The Psychodynamics of Depression

Depression – Psychodynamic Theory I have been interested in the mechanics of depression since childhood, when my mother ‘suffered with her nerves’ – her explanation of what I now recognise as a very severe melancholia defined by Burton in 1621 as “a kind of dotage without a fever, having for his ordinary companions fear and sadness, without any apparent occasion” (p739). My interest was further compounded by my clients, Valerie and Jo, when it become apparent to me that depression is one of the most common and debilitating phenomenon that I will probably have to encounter in my role as a Counsellor.
Before beginning, it may be useful to briefly consider Freud’s warning that depression is not a homogenous group of conditions and that it probably involves more than one aetiology (Freud 1917). It can reflect underlying cultural and environmental trends in addition to physiological factors. (Desjerlais et al. 1995) A review of the literature reveals that research relating to the nature and origins of the psychodynamic theory of depression is rich in contributions to the theme, thus this essay of necessity represents a high-altitude skim over a massive topic.
I will concentrate on authors who have made some of the most seminal contributions to the development of the theory, namely Abraham, Freud, Jacobson, Klein and Mahler. (There are, in actuality, numerous other pioneers in the cultivation of this theory, such as Malan, Sandler, Spiz, Bibring, Rado, Blatt, Benedek, Lindemann, Kohut, some of which, due to word limit, I have not included). Bowlby‘s theory of attachment, although not psychodynamic per se, is also considered, because the way in which people relate to loss of attachment appears relevant to our understanding of depression.

Schore, who describes the neuroscience of attachment and how the brain of the parent and infant interact, has also been included The first thing we need to do is to be clear about four quite different ways that we may talk about depression. Jacobson referred to them as normal, neurotic, psychotic and grief reactions (1971 p19). What Jacobson (1971) referred to as normal depression, appears to be akin to what Klein referred to as the depressive position (Segal 1973).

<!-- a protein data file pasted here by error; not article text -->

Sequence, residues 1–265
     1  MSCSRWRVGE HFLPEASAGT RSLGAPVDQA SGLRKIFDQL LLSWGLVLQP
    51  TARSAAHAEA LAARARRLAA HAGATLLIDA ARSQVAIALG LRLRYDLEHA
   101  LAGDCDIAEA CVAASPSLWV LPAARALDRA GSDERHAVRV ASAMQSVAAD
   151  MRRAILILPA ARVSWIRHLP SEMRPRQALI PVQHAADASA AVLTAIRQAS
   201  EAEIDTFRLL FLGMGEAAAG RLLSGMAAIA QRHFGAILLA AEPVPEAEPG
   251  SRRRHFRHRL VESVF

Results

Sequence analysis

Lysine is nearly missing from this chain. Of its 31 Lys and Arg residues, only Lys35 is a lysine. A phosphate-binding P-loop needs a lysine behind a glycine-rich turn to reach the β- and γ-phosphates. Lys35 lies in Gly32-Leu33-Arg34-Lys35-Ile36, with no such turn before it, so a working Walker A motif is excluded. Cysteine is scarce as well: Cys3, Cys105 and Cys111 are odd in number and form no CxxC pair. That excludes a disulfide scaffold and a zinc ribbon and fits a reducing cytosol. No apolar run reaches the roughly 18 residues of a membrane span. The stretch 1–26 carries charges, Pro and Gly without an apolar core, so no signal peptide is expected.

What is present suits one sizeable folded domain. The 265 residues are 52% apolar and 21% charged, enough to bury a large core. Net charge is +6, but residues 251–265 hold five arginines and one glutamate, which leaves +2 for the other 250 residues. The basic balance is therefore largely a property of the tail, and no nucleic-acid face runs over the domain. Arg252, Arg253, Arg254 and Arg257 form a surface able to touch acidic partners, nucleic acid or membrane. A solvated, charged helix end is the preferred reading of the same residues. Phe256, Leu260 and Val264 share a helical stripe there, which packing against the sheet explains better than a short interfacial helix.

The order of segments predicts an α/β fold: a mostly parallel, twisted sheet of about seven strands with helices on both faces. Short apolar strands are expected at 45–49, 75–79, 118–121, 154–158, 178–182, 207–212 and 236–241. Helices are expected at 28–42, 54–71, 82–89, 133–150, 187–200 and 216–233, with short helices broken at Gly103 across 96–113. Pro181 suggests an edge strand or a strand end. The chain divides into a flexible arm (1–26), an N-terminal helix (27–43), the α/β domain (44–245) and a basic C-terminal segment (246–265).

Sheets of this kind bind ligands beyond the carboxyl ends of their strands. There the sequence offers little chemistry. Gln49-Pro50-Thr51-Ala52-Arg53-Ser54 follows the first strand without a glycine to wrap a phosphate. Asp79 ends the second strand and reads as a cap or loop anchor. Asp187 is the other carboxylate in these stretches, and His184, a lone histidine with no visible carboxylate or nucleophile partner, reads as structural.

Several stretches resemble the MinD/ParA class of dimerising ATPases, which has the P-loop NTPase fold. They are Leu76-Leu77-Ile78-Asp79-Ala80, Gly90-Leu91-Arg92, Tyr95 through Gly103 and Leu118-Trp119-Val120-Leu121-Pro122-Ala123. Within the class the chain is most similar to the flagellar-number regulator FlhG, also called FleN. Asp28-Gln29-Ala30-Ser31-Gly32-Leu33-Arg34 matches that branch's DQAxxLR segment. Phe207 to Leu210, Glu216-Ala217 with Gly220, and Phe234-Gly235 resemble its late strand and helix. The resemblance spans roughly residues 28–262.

She, who it appears from my literature search (Klein 1940, Meltzer 1989, Spillius 1983, Money Kyle 1964), more than any other psychoanalytic pioneer viewed the infant as a miniature adult, found evidence of a “depressive position” from birth (Klein 1932 in Meltzer 1989 p37). This is essentially a state of health, a capacity to bear guilt, stay in touch with mental pain and emotional problems and bring thinking to bear on situations (Meltzer 1998).
According to Klein we oscillate between our ability to stay with painful situations or seek temporary relief through splitting and projection (defence mechanisms), returning to the paranoid-schizoid position – the state of mind existing in babies ; one that is constantly returned to throughout life to greater or lesser degrees (Klein 1932 in Money Kyle 1964). Defence mechanisms are defined as tactics which the Ego develops to help deal with the ID and the Super Ego (Freud 1923). Freud introduced the term ‘ego’ in “The Ego and The Id” (1923).
He holds that only a portion of the mind is conscious and the rest lies hidden deep within the subconscious, ruled by conflicting forces of a super-strong libido (id) and super-controlling morality (superego) all translated through the ego, which attempts to balance the two through rationality (1923). Libido is described as the ‘energy of the sexual instincts‘ (Frued 1925). Neurotic depression or reactive depression can be understood as an exaggerated response to stress due to a weak state of ego strength combined with a failure of the external support system.
Neurotic depression consists of a fall in self esteem after the ego has been abandoned by its ideal (Sandler 1965)). In modern day terminology, Jacobson’s psychotic depression could be termed a severe depressive episode with psychotic symptoms (WHO 1992). Brown and Harris’ studies state that early loss appears tied to the emergence of psychotic versus neurotic symptom patterns (1986). Bowlby thought a mother-child attachment could not be broken in the first years of life without permanent and serious damage to the child’s future development (Bowlby 1973). Jacobson said there is fusion of the self and the object[1] epresentation within the ego and superego, “calling forth attack from an extremely pathological sadistic and idealised superego on a fused and highly devalued self“ (Lund 1991, p533). The capacity for sadness is absent because the object and its representation are “devalued and united with the devalued representation of self“ (p534). This appears to be evidenced by Jo who was referred for treatment of “severe anxiety and panic attacks,” and whose symptoms include extreme suspiciousness and intolerance of her peers, and delusional ideas relative to her mother.
These psychotic-like symptoms could be related to the treatment she received from her mother who maltreated her and ultimately abandoned her when she was a toddler. Freud contrasted the mental processes involved in mourning with those of depression which he termed melancholia (1917); the latter could now be referred to as a severe depressive episode (WHO 1992). He regarded both mourning and depression as grief reactions to the loss of someone or something loved (1917).